Instantly the electrician was at home, and he launched out into a description of his lamp, couched in homely language, and illustrated with bits of wire and portions of his apparatus. He and the King were left together, and the others stood apart. Presently some ladies came in softly, and, getting behind the others, saw royalty deferring to genius. Edison was so interested that he occasionally left the King’s side to correct what he heard others saying, and once he left his Majesty all alone, holding a picture and not knowing what to do with it. The King is a good listener and appeared to be interested. He asked practical and sensible questions. He was astonished to hear that Edison was going to sell power as well as light. He said he had not heard of that before. He was amazed at Edison’s maps of the business districts, peppered all over with dots, each of which represented a gas burner wherever there is a gas burner, and at other maps covered with parallelograms of varying sizes, representing the amount of horse power in use in the same localities.
“Can you lay your wires in submarine cables?” Attorney-General Armstrong asked.
“Well, it would cost so much, that’s all,” Edison replied.
“Because you might come over to the Sandwich Islands,” the King’s advisor said, “where we have a volcano that burns a thousand million tons of coal a day, and you could put your boilers on top of the volcano and get power enough to supply the country.”
“Is that where you get your coal?” Edison asked, overlooking the joke in his thirst for information.
“No; we get our coal from Australia,” said the Attorney-General,” but we build great hopes on that volcano. When we sell out we expect to get more for that than for anything we have got.”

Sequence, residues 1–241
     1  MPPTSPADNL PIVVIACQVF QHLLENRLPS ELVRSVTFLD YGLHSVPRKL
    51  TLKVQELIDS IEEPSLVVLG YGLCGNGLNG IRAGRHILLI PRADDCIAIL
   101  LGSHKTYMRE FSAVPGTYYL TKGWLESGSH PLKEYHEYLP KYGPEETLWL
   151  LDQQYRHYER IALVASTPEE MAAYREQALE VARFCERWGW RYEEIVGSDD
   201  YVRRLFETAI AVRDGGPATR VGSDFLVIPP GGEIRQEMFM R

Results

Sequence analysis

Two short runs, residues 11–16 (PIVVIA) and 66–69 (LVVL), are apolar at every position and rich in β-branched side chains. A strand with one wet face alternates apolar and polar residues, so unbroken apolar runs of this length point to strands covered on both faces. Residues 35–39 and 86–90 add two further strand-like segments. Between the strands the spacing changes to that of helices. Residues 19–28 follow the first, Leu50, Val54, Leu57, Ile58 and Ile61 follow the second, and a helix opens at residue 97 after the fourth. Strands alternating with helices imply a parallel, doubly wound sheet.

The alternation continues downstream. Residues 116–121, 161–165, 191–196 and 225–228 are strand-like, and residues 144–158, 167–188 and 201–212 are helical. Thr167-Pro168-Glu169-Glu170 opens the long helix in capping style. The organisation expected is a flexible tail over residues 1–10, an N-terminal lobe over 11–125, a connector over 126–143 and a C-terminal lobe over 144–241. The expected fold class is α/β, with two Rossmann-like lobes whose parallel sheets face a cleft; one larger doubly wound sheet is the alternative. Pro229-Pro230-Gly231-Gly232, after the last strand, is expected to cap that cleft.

At this the King laughed heartily. He went through the building with Edison and watched the inventor with unaffected curiosity. He was astonished to hear that the carbon horseshoes gradually became so hard by burning that they will cut glass like a diamond. The King suggested that this information would be prized by the ladies. Up stairs, where there is a burner over a compositor’s type case, the King was show a book to illustrate the steadiness and gentleness of the light. The conversation turned upon the Hawaiian language, which the Attorney-General told Edison was extremely soft and musical. Edison said he should like to hear it, and the King was prevailed upon to say something in Hawaiian. The King proved bashful. He hesitated a moment,
“I say to you,” he said, “Ho-e ke-low-a—that means ‘How are you?’”
“I know the words ‘Mauna Loa,’” Edison said.
“The language is full of the vowel sound,” said Gen. Armstrong, “It has only thirteen letters.”
“Twelve,” said the King.
“Twelve,” said Gen. Armstrong: “all the vowels and a few consonants.”
The King went with Edison down stairs to the engine room, and Edison showed him the dynamo machine and motor. After that the King thanked the inventor, said he had been greatly interested, shook hands with him, and, with Mr. Jones and the others, quitted the building.
In the morning the King and Lord High Chamberlain Judd had been to Irvington, where they spent the day with Mr. Mason, an old resident of the Sandwich Islands. They returned to the city in the evening. The King has received many calls at the Brunswick. The visitors have been mainly persons who have been in the Sandwich Islands or people whom he met on his travels. He has declined a number of social invitations out of respect to the national distress.